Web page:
Friday, January 4, 2013
The Deep Blue Sea Movie Review
I can’t figure out why director Terence Davies thought it necessary to adapt The Deep Blue Sea, the 1952 Terence Rattigan play about an extra-marital love affair in post-war London, to the screen again. It was done once with Vivien Leigh in the starring role in 1955 and, though I haven’t seen it, I would bet that it’s a much better production, if only because it fits its time period. Davies’ version, which stars Rachel Weisz, does nothing to update the material or to break it free of its period constraints, both in terms of subject matter and film style. This is a movie that moves as slow as molasses on a cool day. For a story about a woman desperately in love with a man whose ardor has cooled, it just feels stilted and wrong.
As the movie opens, Hester (though Rattigan might also have named her Anna or Emma for want of a more apt literary namesake) has just attempted to kill herself over the loss of passion from her lover. We catch the couple during the downward spiral, the final death throes of their affair, after her husband has found them out, after he’s conceded to a divorce, and after the newness and excitement has worn off for her lover, Freddy.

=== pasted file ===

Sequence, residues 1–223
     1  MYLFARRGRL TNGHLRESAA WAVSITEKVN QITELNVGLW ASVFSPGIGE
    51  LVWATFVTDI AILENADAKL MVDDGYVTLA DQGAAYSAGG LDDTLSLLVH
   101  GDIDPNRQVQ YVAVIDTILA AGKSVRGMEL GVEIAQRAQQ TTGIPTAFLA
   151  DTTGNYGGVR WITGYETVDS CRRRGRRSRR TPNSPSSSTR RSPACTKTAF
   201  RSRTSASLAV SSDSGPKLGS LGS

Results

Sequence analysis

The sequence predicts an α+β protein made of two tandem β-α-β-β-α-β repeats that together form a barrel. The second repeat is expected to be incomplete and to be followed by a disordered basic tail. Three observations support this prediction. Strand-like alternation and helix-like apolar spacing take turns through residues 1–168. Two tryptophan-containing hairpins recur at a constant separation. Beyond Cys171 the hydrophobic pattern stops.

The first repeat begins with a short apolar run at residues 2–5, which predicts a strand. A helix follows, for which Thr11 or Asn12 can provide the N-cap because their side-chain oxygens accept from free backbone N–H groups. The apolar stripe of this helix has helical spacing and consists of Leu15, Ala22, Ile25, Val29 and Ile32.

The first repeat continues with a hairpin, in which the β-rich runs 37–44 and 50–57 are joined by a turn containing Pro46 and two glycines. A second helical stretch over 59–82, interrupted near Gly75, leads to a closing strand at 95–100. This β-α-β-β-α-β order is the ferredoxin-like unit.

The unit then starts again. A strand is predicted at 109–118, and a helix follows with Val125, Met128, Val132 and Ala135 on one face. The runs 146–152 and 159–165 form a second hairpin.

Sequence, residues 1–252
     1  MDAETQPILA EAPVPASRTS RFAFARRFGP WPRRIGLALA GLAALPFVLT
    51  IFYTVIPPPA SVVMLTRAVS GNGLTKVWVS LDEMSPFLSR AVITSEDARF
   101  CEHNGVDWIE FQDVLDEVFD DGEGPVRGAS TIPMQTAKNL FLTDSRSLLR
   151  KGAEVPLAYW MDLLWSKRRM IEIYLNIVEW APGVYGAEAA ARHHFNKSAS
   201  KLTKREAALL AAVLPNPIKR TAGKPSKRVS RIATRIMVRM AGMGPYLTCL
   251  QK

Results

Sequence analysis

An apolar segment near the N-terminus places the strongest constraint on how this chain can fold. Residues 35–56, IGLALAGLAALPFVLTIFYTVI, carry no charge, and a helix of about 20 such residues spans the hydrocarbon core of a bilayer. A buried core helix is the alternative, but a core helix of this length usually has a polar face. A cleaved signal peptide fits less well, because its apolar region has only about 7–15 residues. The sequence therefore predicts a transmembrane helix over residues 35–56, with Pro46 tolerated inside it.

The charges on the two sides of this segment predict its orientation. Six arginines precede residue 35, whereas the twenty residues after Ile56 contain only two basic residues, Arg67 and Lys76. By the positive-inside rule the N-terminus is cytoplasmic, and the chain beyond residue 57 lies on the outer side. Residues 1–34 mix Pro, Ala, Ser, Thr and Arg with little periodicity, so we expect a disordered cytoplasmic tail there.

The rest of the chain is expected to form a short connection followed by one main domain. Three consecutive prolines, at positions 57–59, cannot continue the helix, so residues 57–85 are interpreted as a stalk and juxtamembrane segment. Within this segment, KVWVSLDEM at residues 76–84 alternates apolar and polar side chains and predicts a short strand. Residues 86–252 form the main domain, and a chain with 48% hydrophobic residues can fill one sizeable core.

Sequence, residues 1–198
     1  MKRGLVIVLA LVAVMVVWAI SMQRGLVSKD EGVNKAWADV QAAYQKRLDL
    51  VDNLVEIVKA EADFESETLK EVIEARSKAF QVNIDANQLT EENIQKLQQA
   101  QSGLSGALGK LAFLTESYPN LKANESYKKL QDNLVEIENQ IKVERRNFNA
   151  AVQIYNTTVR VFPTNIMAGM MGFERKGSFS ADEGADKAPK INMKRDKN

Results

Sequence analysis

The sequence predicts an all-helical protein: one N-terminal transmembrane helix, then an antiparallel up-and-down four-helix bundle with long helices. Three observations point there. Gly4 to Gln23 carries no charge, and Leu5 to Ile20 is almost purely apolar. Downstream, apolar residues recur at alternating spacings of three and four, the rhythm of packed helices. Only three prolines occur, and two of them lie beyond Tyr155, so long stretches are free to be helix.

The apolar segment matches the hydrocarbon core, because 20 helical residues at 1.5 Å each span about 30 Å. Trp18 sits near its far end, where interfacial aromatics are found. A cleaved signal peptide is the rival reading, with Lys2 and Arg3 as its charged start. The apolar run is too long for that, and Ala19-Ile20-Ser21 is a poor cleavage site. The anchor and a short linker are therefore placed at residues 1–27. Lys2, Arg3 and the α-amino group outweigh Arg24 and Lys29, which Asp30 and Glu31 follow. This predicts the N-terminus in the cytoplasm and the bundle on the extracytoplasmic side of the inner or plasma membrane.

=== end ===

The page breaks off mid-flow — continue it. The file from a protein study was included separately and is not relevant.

Davies, who would readily admit to a fondness for classical cinema, does everything he can to make the movie feel like it comes from another era. It’s full of Douglas Sirk level melodrama, but absent the color. It’s shot in a haze of soft lighting and dim shadows with set decoration and costuming that give it almost a sepia tone quality. The film remains bottled up, never allowing the story to breathe.
The performances don’t help much, though they are befitting the overall theatrical style of the film. As Hester, Weisz is convincingly lovelorn, devastated, and conflicted. Tom Hiddleston pushes Freddy too hard. He’s a man still yearning for the glory of his days in the RAF during the war, a man who now fills that absence with drink. Hiddleston’s gestures are theatrical to the point of obviousness. On film everything needs to be brought down a few steps. The best performance is by Simon Russell Beale as Hester’s husband Bill. His quiet and withdrawn acceptance of his marital situation is the only one that matches the tone of the film, and he’s the only character I felt palpably connected to.
I kept thinking all the time about Neil Jordan’s adaptation of Graham Greene’s 1951 novel The End of the Affair. The two stories are contemporaneous and their modern film adaptations are equally languorous to the point feeling torpid. Coincidentally, the Greene novel was made into a film also in 1955. The styles of the two films are so similar and so completely unsuitable to modern cinema. I had nearly forgotten about the existence of Jordan’s film until Davies’ brought it unfortunately back to mind.